Week 26: Dancing on a Pole

This was, hands down, one of the best challenges of my year. So. Much. Fun.

I had planned on doing this challenge with a bunch of ladies from work, but planning an outing for six busy women proved a bigger challenge than I was up for. I ended up going with my friend Dominique, who was enthusiastic about the outing from the beginning.

We registered for a beginner pole dancing class at Brass Vixens in Toronto. Heels were optional, but we did not opt. I was a little nervous going into this – anything new and requiring a fair degree of confidence and booty makes me nervous. And it turned out that “beginner” doesn’t mean “first time ever”, so many of the other students had done classes before and seemed like pros to me.

The real pro, however, was the teacher. She had a real name, but I couldn’t remember it after she told us her stage name – Crystal Chandelier. I liked her. She walked in six inch heels better than I walk. Period. And she had fishnet stockings. And a lot of upper body strength. I really liked her.

Dominique and I picked poles in the back of the room, for obvious reasons. We wiped the poles down (DIY) and started the warm up. I immediately felt like I was all elbows and knees – my body just wouldn’t move the same way as Crystal’s. Her butt and hips seemed to move independently from the rest of her body. How does she do that? But it was a very positive environment. Everyone was trying something new and trying to be ultra sexy and confident, so it didn’t feel weird at all. It’s just like improv – it only looks awkward if you feel awkward about it.

We learned moves such as the body roll, the crawl (so much harder than what babies do), how to get up from the ground without falling over, two types of twirls around the pole, and how to pull yourself up the pole (pre-requisite for moves like sitting on the pole). It wasn’t the hardest I’ve worked in a class, but it was challenging.

I also understood why we had cleaned the poles at the beginning of class – my hands are really sweaty! We did one move where we would hold ourselves up on the pole (just hands, no feet on the floor), and I kept sliding down. Much like a sexy fireman.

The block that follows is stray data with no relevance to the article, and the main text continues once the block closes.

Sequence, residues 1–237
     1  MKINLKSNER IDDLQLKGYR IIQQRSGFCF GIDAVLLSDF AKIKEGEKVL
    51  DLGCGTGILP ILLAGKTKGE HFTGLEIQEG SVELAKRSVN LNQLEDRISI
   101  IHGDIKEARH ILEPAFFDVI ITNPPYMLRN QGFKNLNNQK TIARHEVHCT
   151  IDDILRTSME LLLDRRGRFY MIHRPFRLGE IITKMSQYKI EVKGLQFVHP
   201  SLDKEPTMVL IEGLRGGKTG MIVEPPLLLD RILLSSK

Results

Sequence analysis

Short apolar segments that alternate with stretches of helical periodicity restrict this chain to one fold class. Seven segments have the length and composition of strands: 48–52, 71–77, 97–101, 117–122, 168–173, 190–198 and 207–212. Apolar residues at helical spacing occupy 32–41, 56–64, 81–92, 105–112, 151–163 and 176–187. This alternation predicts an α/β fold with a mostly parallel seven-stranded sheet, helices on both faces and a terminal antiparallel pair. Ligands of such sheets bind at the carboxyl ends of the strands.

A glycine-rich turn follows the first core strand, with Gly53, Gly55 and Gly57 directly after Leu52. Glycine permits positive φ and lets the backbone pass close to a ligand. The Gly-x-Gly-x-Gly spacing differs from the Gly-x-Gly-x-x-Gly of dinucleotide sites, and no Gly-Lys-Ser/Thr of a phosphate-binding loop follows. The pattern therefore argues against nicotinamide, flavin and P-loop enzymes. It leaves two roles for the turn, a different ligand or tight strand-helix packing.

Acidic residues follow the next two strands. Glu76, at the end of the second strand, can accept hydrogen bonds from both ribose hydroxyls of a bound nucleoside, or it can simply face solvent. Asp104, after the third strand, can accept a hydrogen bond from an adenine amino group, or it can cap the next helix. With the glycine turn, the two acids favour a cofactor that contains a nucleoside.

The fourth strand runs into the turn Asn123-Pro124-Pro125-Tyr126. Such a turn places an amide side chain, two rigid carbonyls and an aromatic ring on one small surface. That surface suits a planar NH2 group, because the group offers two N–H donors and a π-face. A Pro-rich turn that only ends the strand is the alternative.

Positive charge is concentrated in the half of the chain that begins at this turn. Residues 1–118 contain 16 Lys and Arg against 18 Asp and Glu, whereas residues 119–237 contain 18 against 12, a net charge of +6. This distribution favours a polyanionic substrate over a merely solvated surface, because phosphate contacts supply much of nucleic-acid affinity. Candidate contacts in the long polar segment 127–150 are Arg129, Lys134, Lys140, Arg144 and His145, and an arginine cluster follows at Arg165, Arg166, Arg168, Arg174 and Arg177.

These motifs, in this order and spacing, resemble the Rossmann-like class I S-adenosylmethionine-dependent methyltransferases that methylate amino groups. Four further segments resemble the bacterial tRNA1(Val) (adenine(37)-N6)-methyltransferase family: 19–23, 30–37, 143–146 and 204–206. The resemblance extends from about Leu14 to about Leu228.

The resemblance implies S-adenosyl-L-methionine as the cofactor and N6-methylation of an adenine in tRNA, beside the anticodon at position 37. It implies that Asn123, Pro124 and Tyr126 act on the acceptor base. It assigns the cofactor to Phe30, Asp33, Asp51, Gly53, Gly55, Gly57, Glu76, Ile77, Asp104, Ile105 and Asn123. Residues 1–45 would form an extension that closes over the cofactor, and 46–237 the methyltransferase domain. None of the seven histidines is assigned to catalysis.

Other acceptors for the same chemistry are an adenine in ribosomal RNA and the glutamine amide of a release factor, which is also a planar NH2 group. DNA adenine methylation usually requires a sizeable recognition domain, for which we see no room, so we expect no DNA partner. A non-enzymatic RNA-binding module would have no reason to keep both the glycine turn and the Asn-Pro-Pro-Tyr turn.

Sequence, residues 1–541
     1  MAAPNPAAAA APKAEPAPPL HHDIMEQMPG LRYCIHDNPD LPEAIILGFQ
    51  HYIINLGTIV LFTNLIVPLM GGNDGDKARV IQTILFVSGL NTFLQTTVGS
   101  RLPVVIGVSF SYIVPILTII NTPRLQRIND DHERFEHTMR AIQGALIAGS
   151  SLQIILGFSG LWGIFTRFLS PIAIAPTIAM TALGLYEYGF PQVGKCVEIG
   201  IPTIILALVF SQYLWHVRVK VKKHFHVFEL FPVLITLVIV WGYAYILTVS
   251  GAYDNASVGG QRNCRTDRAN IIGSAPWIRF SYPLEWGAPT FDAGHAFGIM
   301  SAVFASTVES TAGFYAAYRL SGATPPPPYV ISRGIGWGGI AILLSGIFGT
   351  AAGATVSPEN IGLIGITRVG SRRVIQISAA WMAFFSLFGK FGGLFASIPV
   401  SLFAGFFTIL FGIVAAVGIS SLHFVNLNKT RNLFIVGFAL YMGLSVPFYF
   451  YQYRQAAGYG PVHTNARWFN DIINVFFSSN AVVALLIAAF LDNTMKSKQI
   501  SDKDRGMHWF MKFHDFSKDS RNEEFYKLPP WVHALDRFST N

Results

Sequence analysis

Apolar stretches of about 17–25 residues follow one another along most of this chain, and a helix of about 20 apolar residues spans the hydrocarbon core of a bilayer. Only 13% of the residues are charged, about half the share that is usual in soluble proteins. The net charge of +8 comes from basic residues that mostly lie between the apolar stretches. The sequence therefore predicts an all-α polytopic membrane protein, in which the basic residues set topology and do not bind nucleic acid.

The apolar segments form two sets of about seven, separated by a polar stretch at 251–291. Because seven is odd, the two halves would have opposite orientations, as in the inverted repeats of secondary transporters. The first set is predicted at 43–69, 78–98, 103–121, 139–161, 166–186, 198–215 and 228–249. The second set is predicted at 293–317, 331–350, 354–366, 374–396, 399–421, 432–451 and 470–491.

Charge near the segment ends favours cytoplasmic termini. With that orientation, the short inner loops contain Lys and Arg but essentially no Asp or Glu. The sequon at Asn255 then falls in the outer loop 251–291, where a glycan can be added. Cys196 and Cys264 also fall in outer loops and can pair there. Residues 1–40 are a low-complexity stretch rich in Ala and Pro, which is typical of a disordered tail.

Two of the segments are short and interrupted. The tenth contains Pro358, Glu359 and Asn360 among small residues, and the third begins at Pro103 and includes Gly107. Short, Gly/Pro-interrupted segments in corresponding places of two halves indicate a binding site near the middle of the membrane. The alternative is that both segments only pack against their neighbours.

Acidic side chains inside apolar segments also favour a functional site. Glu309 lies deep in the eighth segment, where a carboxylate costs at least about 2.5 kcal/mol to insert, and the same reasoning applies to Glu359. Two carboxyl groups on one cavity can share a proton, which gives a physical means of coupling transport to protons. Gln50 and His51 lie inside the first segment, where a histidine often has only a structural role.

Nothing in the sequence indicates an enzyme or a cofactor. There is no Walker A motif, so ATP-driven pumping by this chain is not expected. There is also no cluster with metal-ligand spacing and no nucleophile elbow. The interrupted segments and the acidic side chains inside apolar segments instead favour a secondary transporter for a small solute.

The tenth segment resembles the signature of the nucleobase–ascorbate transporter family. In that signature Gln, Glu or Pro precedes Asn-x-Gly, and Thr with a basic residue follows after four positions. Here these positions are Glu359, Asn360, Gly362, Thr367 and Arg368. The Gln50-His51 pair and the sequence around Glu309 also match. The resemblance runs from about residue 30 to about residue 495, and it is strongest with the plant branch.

The moves themselves were lots of fun, but what I enjoyed most was the atmosphere. It was a very sexy-positive vibe, and we were encouraged to try moving our bodies in ways we don’t usually (or I don’t usually, at least). Dominique and I spent most of the class giggling and attempting to emulate Miss Chandelier.

I am seriously considering a career change.

 

08f38b500bae8b4ee61918c713cb7f63.jpg

Advertisements

Week 17: Fencing

Oh man, fencing is fun. It wasn’t originally on my list, but my friend, Liz, wanted to try it, and so I fenced.

There’s a place called My Fencing Club near St. Clair West and Bathurst that offers introductory adult fencing lessons on Saturday afternoons, which was super convenient for all parties.

The class had about 10 participants, and was led by Noah and Leesa (I’m not positive this is how she spelled her name, but she didn’t seem like a Lisa spelling). They seemed to be teenagers, but they also really knew their way around a sword. We learned about the three types of fencing swords/styles (foil, sabre, and épée), and got to hold the different styles of swords. The differences were negligible to my untrained eye.

After the history lesson, we were issued our weapons. After holding the real-deal swords, I was a little disappointed to receive a plastic foil sword to practice with. But I can also understand why we were given plastic – I definitely would have taken someone’s eye out with a metal sword, despite the dulled tip.

We learned how to stand, how to attack, how to defend, and the basics of how a fencing match works. As it turns out, it’s quite a bit harder than it looks (as most things are). There’s a lot of technique and stamina and skill in fencing – I mean, to win at fencing. Losing is significantly easier. It’s especially challenging when you’re trapped inside one of those fencing masks/helmets, which are super sweaty.

For example, to get a point you have to stab someone (obviously). But if you both stab each other at the same time, the point is awarded to whoever started their attack first (an attack is when you start straightening your sword arm). But if you attack first and your opponent parries (defends) and then attacks, they get the point. But this is negated if other things happen… full disclosure, this part got confusing. I will not be becoming a fencing judge in the near future. The point is, there’s a lot going on even though it looks like people are wildly stabbing each other for fun.

After practicing how to stab people (so much fun) by stabbing gloves and walls (so much fun), we did a few practice matches (so much fun). I wasn’t too bad. I found myself attacking quite a bit, and scoring a few (unofficial, but fun) points against my opponents. I can see this being a good activity for stress relief.

The one hour class was a surprisingly good workout and a good way to spend an hour on Saturday afternoon (especially because the walk home brought me past several delicious bakeries). I don’t know that I’ll be trying it again, but at least if someone challenges me to a duel, I’ll know how to handle myself.

 

Final_Trophee_Monal_2012_n08.jpg